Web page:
Monday, 11 July 2011
Roth The Humbling 2010
It is Roth’s book about an actor who loses the ability to act. “Instead of the certainty that he was being wonderful, he knew he was going to fail.” (Roth, 2010, p.1). “The worst of it was that he saw through his breakdown the same way he could see through his acting.” (Roth, 2010, p.5). “He was an artificial madman too. The only role available to him was the role of someone playing a role.” (Roth, 2010, p.6).
He is desparate and engages in a relationship with girlfriend that saves him form depression.
In their relationship he buys her more and more cloths and dresses her up – as if she was was to play a role, that he cannot do any more. “Wasn’t dressing her up in costume as though a costly skirt could dispose of nearly two decades of lived experience? Wasn’t he distorting her while telling himself a lie?” (Roth, 2010, p.66). Accordingly, for every person he meets, he asks himself, sooner or later, whether he or she is acting or not? He buys her more and more expesive cloths.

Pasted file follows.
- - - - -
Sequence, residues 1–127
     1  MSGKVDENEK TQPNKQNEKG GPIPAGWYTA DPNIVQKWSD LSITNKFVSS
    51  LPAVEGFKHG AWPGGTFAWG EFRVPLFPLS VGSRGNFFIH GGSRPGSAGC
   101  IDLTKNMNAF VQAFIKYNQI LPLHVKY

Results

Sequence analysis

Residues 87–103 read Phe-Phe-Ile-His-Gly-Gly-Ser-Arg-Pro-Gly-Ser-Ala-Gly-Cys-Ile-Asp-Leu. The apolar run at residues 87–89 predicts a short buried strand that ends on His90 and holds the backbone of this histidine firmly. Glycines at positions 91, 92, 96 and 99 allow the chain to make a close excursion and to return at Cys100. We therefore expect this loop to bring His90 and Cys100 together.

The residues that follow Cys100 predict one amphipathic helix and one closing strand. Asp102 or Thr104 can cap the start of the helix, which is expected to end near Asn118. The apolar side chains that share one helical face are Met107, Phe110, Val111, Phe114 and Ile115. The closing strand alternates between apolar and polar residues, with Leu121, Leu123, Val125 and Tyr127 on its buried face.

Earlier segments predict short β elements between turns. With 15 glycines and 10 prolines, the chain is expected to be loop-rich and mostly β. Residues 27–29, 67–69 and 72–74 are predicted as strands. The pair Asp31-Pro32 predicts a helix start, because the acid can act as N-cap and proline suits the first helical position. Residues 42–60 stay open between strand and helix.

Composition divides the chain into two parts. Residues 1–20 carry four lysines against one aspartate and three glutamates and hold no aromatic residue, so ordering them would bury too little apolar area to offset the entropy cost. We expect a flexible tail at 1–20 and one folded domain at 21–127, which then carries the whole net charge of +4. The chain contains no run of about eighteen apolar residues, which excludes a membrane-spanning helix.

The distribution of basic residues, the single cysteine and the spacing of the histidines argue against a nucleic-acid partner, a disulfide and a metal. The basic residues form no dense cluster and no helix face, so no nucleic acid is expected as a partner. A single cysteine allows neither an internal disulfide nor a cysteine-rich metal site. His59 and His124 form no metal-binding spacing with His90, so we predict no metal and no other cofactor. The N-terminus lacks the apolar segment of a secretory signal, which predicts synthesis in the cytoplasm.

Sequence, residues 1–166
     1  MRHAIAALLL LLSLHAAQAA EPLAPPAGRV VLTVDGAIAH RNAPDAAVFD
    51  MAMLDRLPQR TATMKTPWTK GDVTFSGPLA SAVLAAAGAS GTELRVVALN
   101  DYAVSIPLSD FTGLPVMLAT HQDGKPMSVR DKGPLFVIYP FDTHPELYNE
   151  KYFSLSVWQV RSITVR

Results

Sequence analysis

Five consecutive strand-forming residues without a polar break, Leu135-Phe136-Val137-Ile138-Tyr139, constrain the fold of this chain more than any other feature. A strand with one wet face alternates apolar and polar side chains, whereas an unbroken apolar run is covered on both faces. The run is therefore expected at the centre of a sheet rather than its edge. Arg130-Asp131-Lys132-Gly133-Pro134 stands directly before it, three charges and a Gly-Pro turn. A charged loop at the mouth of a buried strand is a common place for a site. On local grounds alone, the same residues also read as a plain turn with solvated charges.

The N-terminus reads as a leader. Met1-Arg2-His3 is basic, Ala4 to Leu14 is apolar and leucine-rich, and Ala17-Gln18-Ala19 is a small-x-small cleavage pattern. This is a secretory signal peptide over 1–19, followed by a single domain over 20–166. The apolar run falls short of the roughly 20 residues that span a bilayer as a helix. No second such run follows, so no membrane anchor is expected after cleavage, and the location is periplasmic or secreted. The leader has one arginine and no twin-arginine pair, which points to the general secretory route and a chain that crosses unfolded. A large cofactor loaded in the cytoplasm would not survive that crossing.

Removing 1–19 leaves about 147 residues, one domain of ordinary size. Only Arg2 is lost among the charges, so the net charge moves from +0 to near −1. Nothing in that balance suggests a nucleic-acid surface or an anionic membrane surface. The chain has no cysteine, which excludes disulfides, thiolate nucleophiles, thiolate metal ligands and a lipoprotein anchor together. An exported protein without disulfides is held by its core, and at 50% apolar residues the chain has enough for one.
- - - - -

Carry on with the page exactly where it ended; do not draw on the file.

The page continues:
Later they pick up a girl in a bar for a threesome: “she’s a cat, he thought, before the cat pounces, the falcon before it soars from the falconer’s wrist. The animal you can control – until you let it loose. He thought, I am providing her Tracy the way I give her the clothes.” (Roth, 2010, p.110). “Three children got together,” he said, “and decided to put on a play,” whereupon his performance began.” (Roth, 2010, p.114).
When she leaves him, all possibility to act – on stage and in life – are gone and thus commits suicide: but he can only do it once he develops a plan to play it as a role in a play.
“And if it’s that hard to kill someone else, someone you have every reason to want to destroy, imagine how hard it is to succeed in killing yourself.” (Roth, 2010, p.42). “until finally it occurred to him to pretend that he was committing suicide in a play. In a play by Chekov. What could be more fitting? It would constitute his returen to acting.” (Roth, 2010, p.139).